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Zucchini

Cucurbita pepo var. cylindrica

Belonging to the Cucurbita genus, Zucchini has a botanical name of Cucurbita pepo var. cylindrica.

Zucchini is a summer squash. Very abundant producer. Easy to grow, delicious succulent vegetable with so many original ways to prepare. A prolific cropper producing tasty zucchini over a very long period. Ideal for cooking and freezing. Flowers are also edible.

Zucchini has male and female flowers and requires an insect (or a gardener) to transfer pollen from the male to the female flower.

Zucchini grows as an annual and is an edible vegetable / herb. Being an annual plant, it tends to grow best over the course of a single year. Zucchini is known for its phorb habit and growing to a height of approximately 90.0 cm (2.93 feet). This plant tends to bloom in early summer. Popular varieties of Zucchini with home gardeners are Black Beauty, Dark Green, Fordhook, Costata Romanesco and All Green Bush.

Italy is believed to be where Zucchini originates from.

Due to how easy it is to grow in a variety of conditions, Zucchini is great for beginner gardeners and those that like low maintainance gardens.

This plant info is provided by the myfolia gardener's wiki. All details about Zucchini have been kindly provided by our members.

How to grow Zucchini

  • Full Sun

    +
  • Medium

Water mounds deeply at least once a week. Pick the zucchini when they are about 15cm / 6in long – if you leave to grow any longer they can become tough.


Avoid watering the leaves as this will encourage powdery mildew and other fungi. Water below the leaves in the evening or early morning. Water very deeply at least once a week.

Plant in a location that enjoys full sun and remember to water moderately. Zone 3 to 12 are typically the USDA Hardiness Zones that are appropriate for this plant (although this can vary based on your microclimate). A soil ph of between 5.6 and 7.5 is ideal for Zucchini as it does best in weakly acidic soil - weakly alkaline soil. Keep in mind when planting that Zucchini is thought of as tender, so remember to wait until your soil is warm and the night time temperature is well above freezing before moving outside.

Growing Zucchini from seed

Will not tolerate any frost. Plant seed or transplant outside after the absolute last chance of frost has passed. Sow 5-6 seeds in hills in well-drained fertile soil and full sun. Thin to three plants per hill. If you wish to start plants indoors, start them 3-4 weeks before last frost using peat pots. Make sure to weather them before setting into the ground.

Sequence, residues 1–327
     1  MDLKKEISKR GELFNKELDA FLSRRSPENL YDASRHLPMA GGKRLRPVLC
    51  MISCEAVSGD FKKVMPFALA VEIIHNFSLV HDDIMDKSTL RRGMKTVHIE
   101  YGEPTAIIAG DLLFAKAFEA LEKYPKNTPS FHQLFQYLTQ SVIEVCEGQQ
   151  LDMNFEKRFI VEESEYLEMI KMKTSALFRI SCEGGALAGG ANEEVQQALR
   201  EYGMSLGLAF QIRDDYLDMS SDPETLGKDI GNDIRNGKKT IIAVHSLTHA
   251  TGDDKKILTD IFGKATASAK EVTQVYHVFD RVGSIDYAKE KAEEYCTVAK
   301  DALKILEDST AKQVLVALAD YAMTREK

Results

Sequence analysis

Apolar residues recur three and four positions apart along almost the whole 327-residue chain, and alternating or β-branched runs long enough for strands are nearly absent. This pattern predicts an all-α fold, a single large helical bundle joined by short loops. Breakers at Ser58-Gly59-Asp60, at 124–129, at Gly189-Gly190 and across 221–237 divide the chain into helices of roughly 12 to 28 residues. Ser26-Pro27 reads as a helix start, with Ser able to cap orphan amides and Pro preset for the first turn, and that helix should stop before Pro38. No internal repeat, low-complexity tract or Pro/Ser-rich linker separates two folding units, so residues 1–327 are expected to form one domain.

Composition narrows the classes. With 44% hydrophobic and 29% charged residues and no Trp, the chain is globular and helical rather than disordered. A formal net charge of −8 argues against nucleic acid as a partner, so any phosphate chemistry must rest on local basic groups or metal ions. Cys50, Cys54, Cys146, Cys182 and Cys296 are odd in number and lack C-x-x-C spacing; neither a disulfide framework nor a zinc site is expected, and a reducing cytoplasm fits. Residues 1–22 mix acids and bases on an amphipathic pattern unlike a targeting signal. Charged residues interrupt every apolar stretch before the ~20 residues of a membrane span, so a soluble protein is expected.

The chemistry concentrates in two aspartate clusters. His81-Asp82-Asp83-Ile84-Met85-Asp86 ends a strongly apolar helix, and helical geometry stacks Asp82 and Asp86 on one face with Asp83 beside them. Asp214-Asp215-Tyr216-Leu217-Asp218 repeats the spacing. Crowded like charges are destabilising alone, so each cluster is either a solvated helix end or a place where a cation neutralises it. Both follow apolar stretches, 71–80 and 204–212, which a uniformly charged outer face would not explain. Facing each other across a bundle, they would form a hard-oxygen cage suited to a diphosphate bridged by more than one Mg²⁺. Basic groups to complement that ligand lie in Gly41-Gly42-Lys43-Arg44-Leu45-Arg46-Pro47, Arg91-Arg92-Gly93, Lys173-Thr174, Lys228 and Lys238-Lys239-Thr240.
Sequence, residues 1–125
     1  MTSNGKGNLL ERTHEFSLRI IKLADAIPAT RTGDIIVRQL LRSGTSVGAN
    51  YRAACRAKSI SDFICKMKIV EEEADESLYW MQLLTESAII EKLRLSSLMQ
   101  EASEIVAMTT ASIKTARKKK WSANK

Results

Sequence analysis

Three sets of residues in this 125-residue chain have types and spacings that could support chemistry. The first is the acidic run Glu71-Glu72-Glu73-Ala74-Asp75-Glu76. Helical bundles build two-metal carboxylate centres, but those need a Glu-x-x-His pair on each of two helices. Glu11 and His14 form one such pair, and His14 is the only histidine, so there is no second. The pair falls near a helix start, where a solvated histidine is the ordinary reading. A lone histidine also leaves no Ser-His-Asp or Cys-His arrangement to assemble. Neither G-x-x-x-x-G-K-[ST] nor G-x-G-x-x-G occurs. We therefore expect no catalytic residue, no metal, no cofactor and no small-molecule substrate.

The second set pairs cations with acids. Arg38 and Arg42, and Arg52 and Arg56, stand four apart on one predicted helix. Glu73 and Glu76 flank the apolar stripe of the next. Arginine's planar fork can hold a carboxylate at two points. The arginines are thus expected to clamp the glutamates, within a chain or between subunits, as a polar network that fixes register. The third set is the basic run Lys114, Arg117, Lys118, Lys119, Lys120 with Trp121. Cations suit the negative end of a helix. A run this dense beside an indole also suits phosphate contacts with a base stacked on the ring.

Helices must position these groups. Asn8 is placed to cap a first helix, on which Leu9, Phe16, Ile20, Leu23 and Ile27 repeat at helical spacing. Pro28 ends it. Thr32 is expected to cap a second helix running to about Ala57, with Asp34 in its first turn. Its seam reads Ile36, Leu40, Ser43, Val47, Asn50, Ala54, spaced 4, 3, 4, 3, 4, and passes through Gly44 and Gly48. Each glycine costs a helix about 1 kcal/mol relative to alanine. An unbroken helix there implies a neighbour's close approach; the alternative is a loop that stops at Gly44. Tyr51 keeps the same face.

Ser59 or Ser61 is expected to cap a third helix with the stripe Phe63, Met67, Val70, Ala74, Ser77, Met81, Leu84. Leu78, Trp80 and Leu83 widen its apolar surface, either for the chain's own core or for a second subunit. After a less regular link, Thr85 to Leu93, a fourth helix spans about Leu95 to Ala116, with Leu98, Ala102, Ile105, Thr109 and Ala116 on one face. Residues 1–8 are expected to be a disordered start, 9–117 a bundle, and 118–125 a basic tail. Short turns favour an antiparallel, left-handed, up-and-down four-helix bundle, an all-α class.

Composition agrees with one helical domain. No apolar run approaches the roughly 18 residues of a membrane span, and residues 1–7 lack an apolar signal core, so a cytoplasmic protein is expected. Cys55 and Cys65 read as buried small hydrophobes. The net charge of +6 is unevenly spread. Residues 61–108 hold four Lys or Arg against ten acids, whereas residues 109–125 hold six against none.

Try to aim for a seed spacing of at least 2.93 feet (90.0 cm) and sow at a depth of around 0.99 inches (2.54 cm). Soil temperature should be kept higher than 15°C / 59°F to ensure good germination.

By our calculations*, you should look at sowing Zucchini about 42 days before your last frost date .

Transplanting Zucchini

Plant out in “mounds” about 1m (3 feet) apart. Thin to two plants per mound. Disturb roots as little as possible while transplanting.

As Zucchini is tender, ensure temperatures are mild enough to plant out - wait until after your last frost date to be on the safe side.

By our calculations*, you should look at planting out Zucchini about 14 days after your last frost date.

Companion plants for Zucchini

These plants have been known to grow well alongside Zucchini so consider planting:

Repellent plants for Zucchini

These plants will not grow well with Zucchini so avoid planting these within close proximity:

Common Zucchini problems

These problems, diseases and pests are known to affect Zucchini plants:

Ongoing wet weather can lead to powdery mildew infection that shows in a white coating of the leaves. While this normally isn’t dangerous for the plant it can still negatively influence yield. However a very effective and easy countermeasure against this is to spray affected leaves with a mixture of vegetable oil (2 teaspoons), baking soda (1 teaspoon) and water (1 quart).1

  • Powdery Mildew

    White powdery spot disease that affects a large variety of plants.

  • squash vine borer

    Larvae bore into squash vines to feed, which blocks the flow of water to the rest of the plant.

Other names for Zucchini

Courgette

Cucurbita pepo L. var. cylindrica Paris, Cucurbita pepo ssp. pepo var. giromontiina

Misspellings: Zucchinis, Zuchinni

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Zucchini care instructions

How long does Zucchini take to grow?

These estimates for how long Zucchini takes to sprout, grow and harvest are from real observations from real gardeners, right around the world. Start logging and journaling your observations to participate!

When should I plant Zucchini?

Our when to plant Zucchini estimates are relative to your last frost date. Enter your frost dates and we'll calculate your sowing and planting dates for you!

Footnotes

1 Sally Jean Cunningham: Great Garden Companions, Rodale 1998.

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